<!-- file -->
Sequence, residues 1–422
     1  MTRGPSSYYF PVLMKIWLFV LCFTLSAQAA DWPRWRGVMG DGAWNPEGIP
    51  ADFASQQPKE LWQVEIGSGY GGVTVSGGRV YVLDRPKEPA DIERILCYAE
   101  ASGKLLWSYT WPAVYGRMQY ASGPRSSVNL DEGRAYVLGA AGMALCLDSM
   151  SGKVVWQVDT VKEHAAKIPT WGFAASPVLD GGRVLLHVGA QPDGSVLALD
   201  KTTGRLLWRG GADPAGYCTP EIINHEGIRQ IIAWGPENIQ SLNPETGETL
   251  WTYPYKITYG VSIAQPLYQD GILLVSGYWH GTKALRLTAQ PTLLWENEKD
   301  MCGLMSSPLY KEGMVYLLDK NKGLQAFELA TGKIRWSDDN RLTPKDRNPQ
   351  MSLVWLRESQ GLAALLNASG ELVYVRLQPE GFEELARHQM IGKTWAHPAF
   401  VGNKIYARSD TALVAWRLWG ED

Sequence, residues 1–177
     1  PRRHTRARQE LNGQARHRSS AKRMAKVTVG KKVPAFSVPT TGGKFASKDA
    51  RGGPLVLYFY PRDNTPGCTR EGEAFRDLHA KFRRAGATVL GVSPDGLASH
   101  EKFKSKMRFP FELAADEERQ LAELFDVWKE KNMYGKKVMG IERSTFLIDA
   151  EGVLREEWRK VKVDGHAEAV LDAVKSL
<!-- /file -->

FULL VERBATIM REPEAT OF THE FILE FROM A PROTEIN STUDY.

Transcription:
Sequence, residues 1–422
     1  MTRGPSSYYF PVLMKIWLFV LCFTLSAQAA DWPRWRGVMG DGAWNPEGIP
    51  ADFASQQPKE LWQVEIGSGY GGVTVSGGRV YVLDRPKEPA DIERILCYAE
   101  ASGKLLWSYT WPAVYGRMQY ASGPRSSVNL DEGRAYVLGA AGMALCLDSM
   151  SGKVVWQVDT VKEHAAKIPT WGFAASPVLD GGRVLLHVGA QPDGSVLALD
   201  KTTGRLLWRG GADPAGYCTP EIINHEGIRQ IIAWGPENIQ SLNPETGETL
   251  WTYPYKITYG VSIAQPLYQD GILLVSGYWH GTKALRLTAQ PTLLWENEKD
   301  MCGLMSSPLY KEGMVYLLDK NKGLQAFELA TGKIRWSDDN RLTPKDRNPQ
   351  MSLVWLRESQ GLAALLNASG ELVYVRLQPE GFEELARHQM IGKTWAHPAF
   401  VGNKIYARSD TALVAWRLWG ED

Sequence, residues 1–177
     1  PRRHTRARQE LNGQARHRSS AKRMAKVTVG KKVPAFSVPT TGGKFASKDA
    51  RGGPLVLYFY PRDNTPGCTR EGEAFRDLHA KFRRAGATVL GVSPDGLASH
   101  EKFKSKMRFP FELAADEERQ LAELFDVWKE KNMYGKKVMG IERSTFLIDA
   151  EGVLREEWRK VKVDGHAEAV LDAVKSL